Notwithstanding his fashionable bomber jacket, baseball cap, ear studs and tattoos, Rishab Chaku – who goes by the stage name Rishab Raino or just Raino – displayed none of the flamboyant cockiness associated with rap artists. He was taciturn when we met at a plush café in Raj Bagh, Srinagar. “I don’t enjoy parental support,” he said, sipping a cappuccino. “My relatives make snide remarks about me. But I am determined to pursue music as a profession.”
A resident of Ganpatyar in Srinagar, Raino started out in music as a preteen backup vocalist in Ludhiana, Punjab. As he grew, he began composing and singing rap. In college, he joined a band as lead vocalist and today, at age 25, he is a rapper, songwriter and producer who has composed and sung over 30 songs over 14 years.
Raino belongs to a growing generation of young artists from the Valley who want to avoid the trappings of mainstream music. They don’t aspire for record deals or glossy, overproduced videos. They are happy being independent, underground artists producing songs that are intensely personal, with lyrics that articulate the angst of living in a conflict zone.
Not all their music is themed on azadi or freedom. Raino’s song Vadi-e-Kashmir, for instance, is emblematic of the cynicism that infuses the worldview of most young Kashmiris born and raised amidst the quotidian violence of the 1990s and early 2000s. The opening lines are: “Vadi-e-Kashmir, yeh taro se hai lipti vadi, kya dharti ghoome gol, farq padhta nahin, siyasat dal bhi karti hai siyasat khule aam, woh kya jaane galiyon mein humein dikhta nahin!” This Valley of Kashmir enveloped in stars, the world keeps spinning and no-one cares, even political parties openly indulge in politics out here, what do they know about what’s unfolding on the streets, things that miss our eye.”
Music has always been part of Kashmir’s cultural heritage – the region’s rich musical legacy includes folk ballads, Sufiyanah and devotional songs. In the turbulent 1990s, the tradition suffered a sharp decline owing to increasing acceptance of hardline Islamism which condemned music.
Things improved after 2005 when a few young people took up music as a profession. As the first signs of cultural revival surfaced in the Valley, a fusion genre known as “Sufi Rock” – pioneered by iconic Pakistani band Junoon – caught on. While composing music was still seen as an act of rebellion, the infusion of Sufi elements and lyrics that chronicled stories of Kashmiri struggles lent music a new energy and identity that at once made it attractive to the youth.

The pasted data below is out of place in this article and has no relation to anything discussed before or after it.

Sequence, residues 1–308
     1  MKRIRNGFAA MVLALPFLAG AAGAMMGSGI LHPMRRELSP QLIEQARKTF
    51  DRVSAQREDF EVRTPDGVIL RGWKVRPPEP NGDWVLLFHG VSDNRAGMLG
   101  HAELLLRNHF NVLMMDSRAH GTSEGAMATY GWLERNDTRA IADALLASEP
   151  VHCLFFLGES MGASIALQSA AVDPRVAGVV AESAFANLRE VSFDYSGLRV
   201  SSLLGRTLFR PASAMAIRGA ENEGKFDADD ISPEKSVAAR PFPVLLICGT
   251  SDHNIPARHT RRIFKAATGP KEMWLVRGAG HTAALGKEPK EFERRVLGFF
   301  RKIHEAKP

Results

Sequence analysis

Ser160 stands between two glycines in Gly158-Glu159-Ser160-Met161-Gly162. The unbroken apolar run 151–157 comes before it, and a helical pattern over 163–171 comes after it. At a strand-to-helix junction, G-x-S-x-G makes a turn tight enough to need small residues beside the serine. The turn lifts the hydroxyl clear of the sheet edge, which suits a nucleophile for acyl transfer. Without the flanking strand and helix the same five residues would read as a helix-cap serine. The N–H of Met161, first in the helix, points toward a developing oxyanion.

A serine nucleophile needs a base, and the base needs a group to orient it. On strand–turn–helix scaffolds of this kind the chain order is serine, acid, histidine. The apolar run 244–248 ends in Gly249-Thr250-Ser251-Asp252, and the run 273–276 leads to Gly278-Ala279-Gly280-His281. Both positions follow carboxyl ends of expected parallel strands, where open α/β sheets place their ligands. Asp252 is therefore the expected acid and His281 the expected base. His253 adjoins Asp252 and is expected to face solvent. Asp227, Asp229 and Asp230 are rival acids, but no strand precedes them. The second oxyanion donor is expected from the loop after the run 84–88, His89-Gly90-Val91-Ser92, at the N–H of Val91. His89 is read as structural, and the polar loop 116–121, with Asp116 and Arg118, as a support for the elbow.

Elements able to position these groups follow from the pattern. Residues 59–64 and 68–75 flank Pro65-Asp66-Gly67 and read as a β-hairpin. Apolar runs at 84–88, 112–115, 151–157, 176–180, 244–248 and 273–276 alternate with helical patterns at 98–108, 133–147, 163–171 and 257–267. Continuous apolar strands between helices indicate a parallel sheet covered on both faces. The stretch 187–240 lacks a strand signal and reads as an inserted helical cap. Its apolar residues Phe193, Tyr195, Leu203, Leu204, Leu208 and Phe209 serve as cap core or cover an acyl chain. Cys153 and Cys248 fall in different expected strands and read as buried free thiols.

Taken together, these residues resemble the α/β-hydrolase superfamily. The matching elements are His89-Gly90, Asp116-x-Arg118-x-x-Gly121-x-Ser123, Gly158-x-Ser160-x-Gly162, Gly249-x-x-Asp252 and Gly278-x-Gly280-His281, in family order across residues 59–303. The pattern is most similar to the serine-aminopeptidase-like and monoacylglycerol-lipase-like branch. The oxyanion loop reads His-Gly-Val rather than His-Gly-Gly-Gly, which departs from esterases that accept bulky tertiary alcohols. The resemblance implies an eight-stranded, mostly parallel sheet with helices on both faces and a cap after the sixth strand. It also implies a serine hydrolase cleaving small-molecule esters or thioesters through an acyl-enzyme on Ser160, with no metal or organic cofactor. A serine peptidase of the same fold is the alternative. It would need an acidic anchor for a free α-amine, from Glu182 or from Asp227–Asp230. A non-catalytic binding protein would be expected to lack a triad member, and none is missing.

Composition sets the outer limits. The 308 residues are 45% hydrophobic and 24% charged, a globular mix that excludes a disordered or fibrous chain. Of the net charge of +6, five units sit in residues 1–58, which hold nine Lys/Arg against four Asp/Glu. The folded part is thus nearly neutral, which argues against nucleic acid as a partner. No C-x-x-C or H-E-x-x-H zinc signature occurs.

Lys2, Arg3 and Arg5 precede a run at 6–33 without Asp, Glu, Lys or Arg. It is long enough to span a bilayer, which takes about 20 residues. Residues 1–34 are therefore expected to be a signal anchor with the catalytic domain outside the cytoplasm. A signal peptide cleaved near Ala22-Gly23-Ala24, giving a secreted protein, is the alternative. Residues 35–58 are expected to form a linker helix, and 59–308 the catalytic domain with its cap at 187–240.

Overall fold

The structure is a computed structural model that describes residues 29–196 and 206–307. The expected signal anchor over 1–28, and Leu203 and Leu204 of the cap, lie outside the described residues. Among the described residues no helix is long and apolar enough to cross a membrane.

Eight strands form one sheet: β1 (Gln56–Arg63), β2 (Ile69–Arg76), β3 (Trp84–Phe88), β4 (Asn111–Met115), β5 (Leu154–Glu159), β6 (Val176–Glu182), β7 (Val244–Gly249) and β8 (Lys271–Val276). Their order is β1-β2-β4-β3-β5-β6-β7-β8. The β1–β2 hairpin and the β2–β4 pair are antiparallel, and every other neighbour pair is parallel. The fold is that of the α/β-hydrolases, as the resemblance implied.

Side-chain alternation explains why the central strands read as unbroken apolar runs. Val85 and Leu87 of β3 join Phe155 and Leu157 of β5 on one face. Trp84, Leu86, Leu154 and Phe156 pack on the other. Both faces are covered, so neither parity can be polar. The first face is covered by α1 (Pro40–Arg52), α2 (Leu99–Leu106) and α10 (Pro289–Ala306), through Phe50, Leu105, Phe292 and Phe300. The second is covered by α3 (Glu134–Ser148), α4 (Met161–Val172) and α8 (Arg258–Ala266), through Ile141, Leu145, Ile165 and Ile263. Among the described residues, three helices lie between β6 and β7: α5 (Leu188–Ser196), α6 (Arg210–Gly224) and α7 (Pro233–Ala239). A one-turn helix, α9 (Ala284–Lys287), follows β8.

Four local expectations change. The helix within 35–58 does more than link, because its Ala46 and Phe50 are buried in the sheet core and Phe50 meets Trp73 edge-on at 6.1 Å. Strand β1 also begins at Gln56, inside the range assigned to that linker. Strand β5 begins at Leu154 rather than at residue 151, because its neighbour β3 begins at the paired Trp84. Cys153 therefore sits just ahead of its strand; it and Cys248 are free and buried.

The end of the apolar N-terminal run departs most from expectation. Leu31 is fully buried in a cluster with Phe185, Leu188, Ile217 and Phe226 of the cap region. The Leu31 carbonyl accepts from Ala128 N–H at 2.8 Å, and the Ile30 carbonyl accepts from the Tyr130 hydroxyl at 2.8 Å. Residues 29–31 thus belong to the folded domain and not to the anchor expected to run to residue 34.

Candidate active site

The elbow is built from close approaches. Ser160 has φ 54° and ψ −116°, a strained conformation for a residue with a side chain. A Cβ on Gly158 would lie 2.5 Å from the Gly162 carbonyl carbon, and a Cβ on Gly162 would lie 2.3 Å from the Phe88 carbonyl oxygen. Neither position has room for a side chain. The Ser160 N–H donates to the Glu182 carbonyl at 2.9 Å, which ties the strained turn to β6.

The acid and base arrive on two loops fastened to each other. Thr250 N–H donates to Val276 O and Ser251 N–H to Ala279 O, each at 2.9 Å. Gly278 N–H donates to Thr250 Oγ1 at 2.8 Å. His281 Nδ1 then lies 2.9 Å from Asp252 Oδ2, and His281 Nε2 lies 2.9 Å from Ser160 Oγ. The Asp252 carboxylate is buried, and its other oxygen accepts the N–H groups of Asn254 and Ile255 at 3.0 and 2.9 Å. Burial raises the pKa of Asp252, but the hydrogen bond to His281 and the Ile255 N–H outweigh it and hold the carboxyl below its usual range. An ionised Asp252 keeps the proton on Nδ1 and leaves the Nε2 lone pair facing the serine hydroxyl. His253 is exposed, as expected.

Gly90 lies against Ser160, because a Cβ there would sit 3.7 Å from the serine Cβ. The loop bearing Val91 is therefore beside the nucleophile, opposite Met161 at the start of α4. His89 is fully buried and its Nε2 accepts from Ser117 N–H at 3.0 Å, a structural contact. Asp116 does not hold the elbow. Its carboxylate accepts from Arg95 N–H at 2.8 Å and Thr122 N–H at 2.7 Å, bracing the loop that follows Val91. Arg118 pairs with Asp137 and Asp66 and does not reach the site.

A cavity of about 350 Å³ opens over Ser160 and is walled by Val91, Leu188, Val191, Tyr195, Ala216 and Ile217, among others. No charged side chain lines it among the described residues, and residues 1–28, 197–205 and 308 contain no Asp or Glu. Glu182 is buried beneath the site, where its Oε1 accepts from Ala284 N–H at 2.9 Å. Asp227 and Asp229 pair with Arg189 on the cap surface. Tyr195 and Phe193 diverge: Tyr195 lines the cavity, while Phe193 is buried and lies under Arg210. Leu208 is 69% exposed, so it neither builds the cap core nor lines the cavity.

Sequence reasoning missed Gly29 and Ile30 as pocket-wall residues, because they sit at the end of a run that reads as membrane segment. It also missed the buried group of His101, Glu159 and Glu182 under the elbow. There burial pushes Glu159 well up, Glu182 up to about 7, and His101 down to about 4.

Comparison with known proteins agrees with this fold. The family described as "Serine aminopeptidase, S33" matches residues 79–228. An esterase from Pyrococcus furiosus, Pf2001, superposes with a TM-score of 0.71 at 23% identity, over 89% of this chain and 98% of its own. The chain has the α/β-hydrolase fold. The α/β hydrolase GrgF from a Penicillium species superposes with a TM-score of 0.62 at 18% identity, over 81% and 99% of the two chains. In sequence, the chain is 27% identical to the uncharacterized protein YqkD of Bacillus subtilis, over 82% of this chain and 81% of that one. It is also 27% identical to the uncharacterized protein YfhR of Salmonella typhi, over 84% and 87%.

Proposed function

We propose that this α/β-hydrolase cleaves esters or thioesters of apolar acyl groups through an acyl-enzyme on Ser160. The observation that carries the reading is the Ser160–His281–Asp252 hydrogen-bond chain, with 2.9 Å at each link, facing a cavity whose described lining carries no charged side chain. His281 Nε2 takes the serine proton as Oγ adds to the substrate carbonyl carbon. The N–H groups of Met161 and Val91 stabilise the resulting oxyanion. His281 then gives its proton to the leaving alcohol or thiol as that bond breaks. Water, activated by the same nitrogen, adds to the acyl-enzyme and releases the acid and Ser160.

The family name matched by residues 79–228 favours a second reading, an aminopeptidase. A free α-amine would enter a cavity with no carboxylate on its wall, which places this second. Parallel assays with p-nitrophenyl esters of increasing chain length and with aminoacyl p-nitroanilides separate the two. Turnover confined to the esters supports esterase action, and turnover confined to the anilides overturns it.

In 2007, the Valley got its very own Sufi Rock band named Blood Rockz. Blood Rockz was followed by a profusion of bands such as Tales of Blood, Dying Breed, Valley Boyz, Pyaas and Northern Nights. Around the same time, rap music too became influential. Rapper Roushan Illahi aka MC Kash – often referred to as an “azadi artist” – gained immense popularity in the early 2010s with his protest songs, an intriguing blend of catchy hip-hop beats and explosive anti-India lyrics.
In the late 2000s, paramilitary forces began sponsoring music events in the Valley as part of their outreach effort. One such event was Battle of Bands. An annual competition, it was catapulted into spotlight when Pragaash – Kashmir’s first and only all-female rock band – won an award at the event. Pragaash was disbanded less than three months later because of widespread social media slander and a fatwa against it by a local cleric.
Bands started going underground sometime in 2012-’13, both due to lack of commercial opportunities and low social acceptability. “Limited prospects of earning mainstream recognition and family pressures compelled even highly talented musicians to seek the stability of a government job, relegating music to a mere pastime,” said 27-year-old Mohd Azhar Abbas, a former musician and music event organiser. “Besides, societal approval was – and still is – low. Unless you become someone well-known like Saim Bhat, you’re derogatorily called a bhand [entertainer] and not everyone can ignore those kinds of taunts and jeers.”
Some like 28-year-old Danish Ilahi Bhat chose to stay independent because they wanted to chart their own path. Bhat, the lead bass player of a band named Maktoob, said, “As a non-commercial artist, I am free to make the kind of music that I want to make without caring for the vagaries of popular demand.” Despite having liberal parents who don’t object to his music, Bhat – whose grandfather is a retired bureaucrat – wants to be a civil servant more than anything else.